I like this statement from my friend Don Bradley, and repost it here with his permission:
I want to share part of my faith here with those who aren’t familiar with it, and to testify of it to them, to my co-religionists, and to my children.
The prophet-founder of my faith declared one of its foundational principles to be gathering up truth, wherever it may be found:
“It is one of the grand fundamental principles of Mormonism to receive truth, let it come from whence it may.”
He taught that we must embrace the truths of all religions and “get all the good in the world” in order to “come out a pure Mormon.”
He also taught that “Friendship is one of the grand fundamental principles of Mormonism,” and that Mormonism was designed to “revolutionize and civilize the world” by making us all friends and brothers and sisters.
“We,” he said speaking of various religions, “do not differ so far in our religious views but that we could all drink into one principle of love”: religions are animated by the same principle of love as the parts of the body all (as Paul said) “drink into one spirit” and are animated by the same spirit. Animated by the same spirit of love, all religions are thus part of the same body.
Joseph taught that people of different faiths “should cultivate the friendship of each other.” And he lived this principle. He advocated for the rights of all religions. And when a minister of another faith came to Nauvoo, Joseph would lend him his pulpit and let him preach. He sought to “weld” together people of all religions in bonds of love and friendship.These are foundations of my religion. My religion not only _allows_ me to gather truth from other religions and to build bonds of friendship and brotherhood and sisterhood with their adherents and worship with them; it REQUIRES me to do so.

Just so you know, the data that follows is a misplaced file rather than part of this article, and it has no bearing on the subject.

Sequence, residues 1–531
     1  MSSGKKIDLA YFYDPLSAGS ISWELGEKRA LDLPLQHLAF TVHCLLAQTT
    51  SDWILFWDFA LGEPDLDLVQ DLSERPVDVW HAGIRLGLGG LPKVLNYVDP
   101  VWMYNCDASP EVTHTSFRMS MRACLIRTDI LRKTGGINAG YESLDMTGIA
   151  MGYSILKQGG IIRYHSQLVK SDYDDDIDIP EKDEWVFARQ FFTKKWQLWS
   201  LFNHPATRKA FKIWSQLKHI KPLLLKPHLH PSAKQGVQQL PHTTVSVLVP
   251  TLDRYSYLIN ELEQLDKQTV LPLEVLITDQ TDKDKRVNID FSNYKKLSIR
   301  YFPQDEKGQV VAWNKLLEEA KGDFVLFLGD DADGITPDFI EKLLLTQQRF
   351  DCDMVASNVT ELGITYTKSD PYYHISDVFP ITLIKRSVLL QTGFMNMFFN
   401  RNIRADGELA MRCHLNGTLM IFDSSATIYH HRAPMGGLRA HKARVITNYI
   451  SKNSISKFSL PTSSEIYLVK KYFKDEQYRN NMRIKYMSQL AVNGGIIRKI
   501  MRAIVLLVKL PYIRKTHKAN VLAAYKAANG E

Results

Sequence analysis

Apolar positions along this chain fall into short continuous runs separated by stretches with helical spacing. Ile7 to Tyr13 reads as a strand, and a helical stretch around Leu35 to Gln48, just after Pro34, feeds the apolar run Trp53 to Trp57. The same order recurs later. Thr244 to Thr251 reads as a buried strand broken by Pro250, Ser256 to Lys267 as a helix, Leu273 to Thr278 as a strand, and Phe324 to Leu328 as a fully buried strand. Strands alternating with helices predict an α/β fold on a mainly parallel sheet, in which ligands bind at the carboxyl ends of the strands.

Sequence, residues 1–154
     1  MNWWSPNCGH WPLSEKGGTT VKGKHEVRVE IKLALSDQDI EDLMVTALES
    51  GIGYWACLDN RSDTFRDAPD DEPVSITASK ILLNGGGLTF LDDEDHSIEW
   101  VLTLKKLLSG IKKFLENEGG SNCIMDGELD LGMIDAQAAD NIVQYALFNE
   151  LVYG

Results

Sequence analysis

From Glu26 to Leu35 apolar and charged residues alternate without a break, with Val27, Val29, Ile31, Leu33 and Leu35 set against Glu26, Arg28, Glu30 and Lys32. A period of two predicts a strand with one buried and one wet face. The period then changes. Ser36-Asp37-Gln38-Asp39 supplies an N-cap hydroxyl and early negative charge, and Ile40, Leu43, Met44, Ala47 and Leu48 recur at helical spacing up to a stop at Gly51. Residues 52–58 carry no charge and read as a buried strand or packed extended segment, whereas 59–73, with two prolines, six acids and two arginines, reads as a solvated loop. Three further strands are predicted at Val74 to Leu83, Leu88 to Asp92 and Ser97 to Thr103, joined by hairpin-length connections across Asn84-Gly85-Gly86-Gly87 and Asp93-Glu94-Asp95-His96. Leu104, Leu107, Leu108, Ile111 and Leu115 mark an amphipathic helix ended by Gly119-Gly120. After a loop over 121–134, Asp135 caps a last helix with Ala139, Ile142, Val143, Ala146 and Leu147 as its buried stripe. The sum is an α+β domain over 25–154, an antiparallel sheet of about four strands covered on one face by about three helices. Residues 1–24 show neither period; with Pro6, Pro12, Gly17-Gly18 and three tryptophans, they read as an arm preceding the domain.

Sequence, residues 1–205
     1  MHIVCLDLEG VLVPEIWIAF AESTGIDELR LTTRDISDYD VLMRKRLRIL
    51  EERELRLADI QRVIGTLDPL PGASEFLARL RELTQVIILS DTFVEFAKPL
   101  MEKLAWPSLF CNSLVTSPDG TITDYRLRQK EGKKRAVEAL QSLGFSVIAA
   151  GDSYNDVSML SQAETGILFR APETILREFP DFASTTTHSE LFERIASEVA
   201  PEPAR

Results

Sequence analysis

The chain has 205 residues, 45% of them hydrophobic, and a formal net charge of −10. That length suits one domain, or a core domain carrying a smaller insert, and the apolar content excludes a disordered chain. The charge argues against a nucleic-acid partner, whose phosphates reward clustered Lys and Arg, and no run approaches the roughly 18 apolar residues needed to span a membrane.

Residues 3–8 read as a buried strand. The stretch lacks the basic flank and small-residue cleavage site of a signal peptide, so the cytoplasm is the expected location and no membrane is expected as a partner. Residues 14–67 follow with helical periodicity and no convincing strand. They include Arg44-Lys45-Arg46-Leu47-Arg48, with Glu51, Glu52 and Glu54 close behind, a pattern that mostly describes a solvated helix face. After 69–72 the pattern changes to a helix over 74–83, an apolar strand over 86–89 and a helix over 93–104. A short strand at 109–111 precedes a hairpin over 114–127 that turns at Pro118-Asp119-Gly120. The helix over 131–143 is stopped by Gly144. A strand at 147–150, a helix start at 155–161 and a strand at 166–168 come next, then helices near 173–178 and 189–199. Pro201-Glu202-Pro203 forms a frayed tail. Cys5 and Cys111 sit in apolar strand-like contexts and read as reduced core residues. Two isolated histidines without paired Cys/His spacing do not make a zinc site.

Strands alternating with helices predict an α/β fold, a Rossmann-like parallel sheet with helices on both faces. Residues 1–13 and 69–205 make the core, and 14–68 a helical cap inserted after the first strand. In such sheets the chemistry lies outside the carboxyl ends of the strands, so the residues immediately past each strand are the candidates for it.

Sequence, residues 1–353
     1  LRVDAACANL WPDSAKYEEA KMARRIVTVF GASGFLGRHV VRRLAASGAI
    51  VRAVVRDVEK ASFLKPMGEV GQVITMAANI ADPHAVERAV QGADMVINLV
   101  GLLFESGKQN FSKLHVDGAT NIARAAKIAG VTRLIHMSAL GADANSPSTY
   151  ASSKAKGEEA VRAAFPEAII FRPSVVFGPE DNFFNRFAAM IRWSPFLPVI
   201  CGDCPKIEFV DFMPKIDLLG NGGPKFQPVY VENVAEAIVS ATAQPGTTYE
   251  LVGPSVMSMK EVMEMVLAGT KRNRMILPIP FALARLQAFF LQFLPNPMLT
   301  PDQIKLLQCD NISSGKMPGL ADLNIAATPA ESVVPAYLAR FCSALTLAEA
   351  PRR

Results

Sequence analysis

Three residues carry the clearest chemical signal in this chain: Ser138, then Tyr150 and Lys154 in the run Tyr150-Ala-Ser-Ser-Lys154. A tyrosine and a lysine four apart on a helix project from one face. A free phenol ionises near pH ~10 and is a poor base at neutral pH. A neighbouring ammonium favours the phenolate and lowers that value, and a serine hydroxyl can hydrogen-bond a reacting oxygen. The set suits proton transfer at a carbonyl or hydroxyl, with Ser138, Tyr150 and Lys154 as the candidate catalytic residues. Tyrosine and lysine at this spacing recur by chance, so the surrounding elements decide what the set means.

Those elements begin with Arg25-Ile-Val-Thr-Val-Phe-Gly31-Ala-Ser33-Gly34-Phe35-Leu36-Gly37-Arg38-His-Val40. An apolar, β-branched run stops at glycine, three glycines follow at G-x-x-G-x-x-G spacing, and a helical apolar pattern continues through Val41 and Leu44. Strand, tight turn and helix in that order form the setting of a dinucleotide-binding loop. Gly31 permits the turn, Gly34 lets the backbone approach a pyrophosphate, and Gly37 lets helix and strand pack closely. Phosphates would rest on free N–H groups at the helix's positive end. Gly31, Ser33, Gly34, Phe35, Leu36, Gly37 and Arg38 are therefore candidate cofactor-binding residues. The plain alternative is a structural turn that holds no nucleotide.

If you ever find me reading devotionally in the Bible, Book of Mormon, Bhagavad-Gita, Tao Te Ching, or Hidden Words of Baha’u’llah; studying what sciences like positive psychology reveal to us about living a good life; practicing loving-kindness meditation developed by Buddhists; or worshipping with Christians of all denominations, and with Jews, Muslims, Hindus, Sikhs..; that may look like religious and philosophical eclecticism. It will actually be me endeavoring to live _my_ religion.
Far from contaminating Mormonism, such a universal search for truth, goodness, and unity is the only way, in our founding prophet’s definition, to “come out a *pure* Mormon.”
When I have most fully remembered and enacted the expansive vision Joseph Smith gave us for Mormonism, my faith has been the strongest, my life the happiest and most exciting, my heart the most open, and my searches for truth of all kinds–moral, spiritual, scientific, practical–the most fruitful and the most harmonious.
Of that I am God’s witness.
Posted from Salt Lake City, Utah